6.    We have positive self-esteem. Self-esteem means having confidence in our own worth and abilities. Our goal is to become comfortable with who we are — our income, debt, height, weight, principles, priorities, and everything else that we use to define ourselves. Positive regard for ourselves empowers us to feel confidence in ourselves and to act with integrity and humility, sustains our sense of professionalism, and enables our ability to build supportive relationships with others.


7.    We can identify and define the contributions we make. We approach potential clients in a spirit of service with confidence in our knowledge, skills, experience, and ability to provide value. When we provide services to clients, we can own our achievements and see how our services added value or provided benefits. We can acknowledge how our services have contributed to a better quality of life for an individual person or is helping a client organization to thrive. We remind ourselves that, as a result of our own value, efforts, and abilities, we are increasing our sales, productivity, and profits as well as improving financial results for clients. 


8.    We see ourselves as equals with everyone we meet through our jobs or businesses. Knowing our value means feeling that we are fundamentally equal with anyone with whom we interact: clients, bosses, colleagues, and friends. We are not bit players in other people’s lives. Nor are we the stars of our own “show.” We have a healthy sense of our personal value and deservedness, and we assert ourselves as equals in personal and business relationships.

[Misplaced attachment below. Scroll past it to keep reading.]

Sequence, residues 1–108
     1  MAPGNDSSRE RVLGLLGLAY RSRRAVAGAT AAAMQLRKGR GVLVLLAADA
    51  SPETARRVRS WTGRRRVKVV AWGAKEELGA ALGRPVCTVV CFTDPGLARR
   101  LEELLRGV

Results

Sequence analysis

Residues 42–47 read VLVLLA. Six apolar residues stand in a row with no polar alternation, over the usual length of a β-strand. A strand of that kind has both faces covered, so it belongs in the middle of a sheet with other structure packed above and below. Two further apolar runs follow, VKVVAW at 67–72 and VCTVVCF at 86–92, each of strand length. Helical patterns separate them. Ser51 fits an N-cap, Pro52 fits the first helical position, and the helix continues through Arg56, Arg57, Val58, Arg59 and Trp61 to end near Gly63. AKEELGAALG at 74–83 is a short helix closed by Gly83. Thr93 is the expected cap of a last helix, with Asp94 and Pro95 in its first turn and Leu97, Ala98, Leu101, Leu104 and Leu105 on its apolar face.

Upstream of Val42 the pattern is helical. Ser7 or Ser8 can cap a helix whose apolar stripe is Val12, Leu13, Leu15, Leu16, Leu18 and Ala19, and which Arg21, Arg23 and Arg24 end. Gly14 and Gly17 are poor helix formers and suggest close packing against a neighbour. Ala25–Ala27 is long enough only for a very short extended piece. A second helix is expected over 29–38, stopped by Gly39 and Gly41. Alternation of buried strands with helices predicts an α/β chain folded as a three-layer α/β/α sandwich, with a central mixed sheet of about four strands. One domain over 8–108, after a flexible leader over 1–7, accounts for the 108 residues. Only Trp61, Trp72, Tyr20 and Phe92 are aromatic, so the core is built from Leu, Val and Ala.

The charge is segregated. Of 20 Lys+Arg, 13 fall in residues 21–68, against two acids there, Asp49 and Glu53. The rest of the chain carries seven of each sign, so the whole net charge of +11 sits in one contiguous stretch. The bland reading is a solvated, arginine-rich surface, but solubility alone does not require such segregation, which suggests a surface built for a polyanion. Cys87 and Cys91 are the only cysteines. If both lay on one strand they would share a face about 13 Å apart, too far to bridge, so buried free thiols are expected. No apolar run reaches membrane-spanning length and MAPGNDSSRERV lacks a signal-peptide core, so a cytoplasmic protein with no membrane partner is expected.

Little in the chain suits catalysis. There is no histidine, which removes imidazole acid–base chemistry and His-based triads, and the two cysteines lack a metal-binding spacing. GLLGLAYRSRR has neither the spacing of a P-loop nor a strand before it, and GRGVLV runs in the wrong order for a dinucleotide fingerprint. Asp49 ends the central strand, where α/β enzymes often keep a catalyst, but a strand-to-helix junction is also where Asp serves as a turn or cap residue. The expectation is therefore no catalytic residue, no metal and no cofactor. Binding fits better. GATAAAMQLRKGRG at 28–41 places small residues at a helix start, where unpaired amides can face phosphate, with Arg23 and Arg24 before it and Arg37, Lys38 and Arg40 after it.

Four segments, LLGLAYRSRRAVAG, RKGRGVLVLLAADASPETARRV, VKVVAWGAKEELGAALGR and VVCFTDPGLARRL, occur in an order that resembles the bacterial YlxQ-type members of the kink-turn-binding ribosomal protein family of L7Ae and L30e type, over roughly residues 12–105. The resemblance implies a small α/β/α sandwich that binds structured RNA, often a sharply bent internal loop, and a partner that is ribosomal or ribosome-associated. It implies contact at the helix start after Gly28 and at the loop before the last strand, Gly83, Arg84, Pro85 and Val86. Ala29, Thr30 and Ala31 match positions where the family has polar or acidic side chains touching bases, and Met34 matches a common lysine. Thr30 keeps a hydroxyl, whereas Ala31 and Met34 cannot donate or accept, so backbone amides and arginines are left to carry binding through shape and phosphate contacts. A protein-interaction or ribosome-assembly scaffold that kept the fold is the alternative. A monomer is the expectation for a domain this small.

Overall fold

9.    We charge appropriately for our time and services. Before DA and BDA, frequently out of fear of losing clients or desire to win more business, many of us undercharged for our time and services. This applies to wages and salaries we’ve received as employees too. We would too often end up doing much more work than we were paid to do, in a desire to prove ourselves. Instead we confused our clients about our financial expectations and set pricing precedents which were often irreversible. Now our sponsors and PRGs help us set reasonable, competitive prices for our time and services, because we’re worth it.


10.    We are clear about our limits; we set boundaries. We are clear about what is acceptable behavior with our clients and employees, and we have the courage to speak up when necessary to ensure that others treat us with the respect we deserve. We don’t need others to agree with our limits, but we do need their acceptance of them, and we’re not afraid to state when those limits have been breached or ignored.


11.    We are engaged in work that is fulfilling and rewarding. When we are involved in work that is fulfilling as well as financially rewarding, we are inclined to work with even greater energy and commitment. When we love what we do, we are prepared to do more and to become more, better, faster, and of even greater value. This is a natural outcome of our continuing recovery and our commitment to operating healthy businesses.


12.    We know that we are enough. Because we have confidence in our abilities and our recovery, we know that we have sufficient experience, along with the qualifications, stories of past experiences, and testimonials to back up claims of competence. With the help of Higher Power and our support network, we know that right now, today, we are everything we need to be and are able to relax in the belief that we are of value to ourselves and to others, just as others are of value to us.

Until we take all Twelve Steps, these promises for business debtors and the other promises of DA will likely remain out of our reach. Please take the Steps and join us in the new life and experience described here.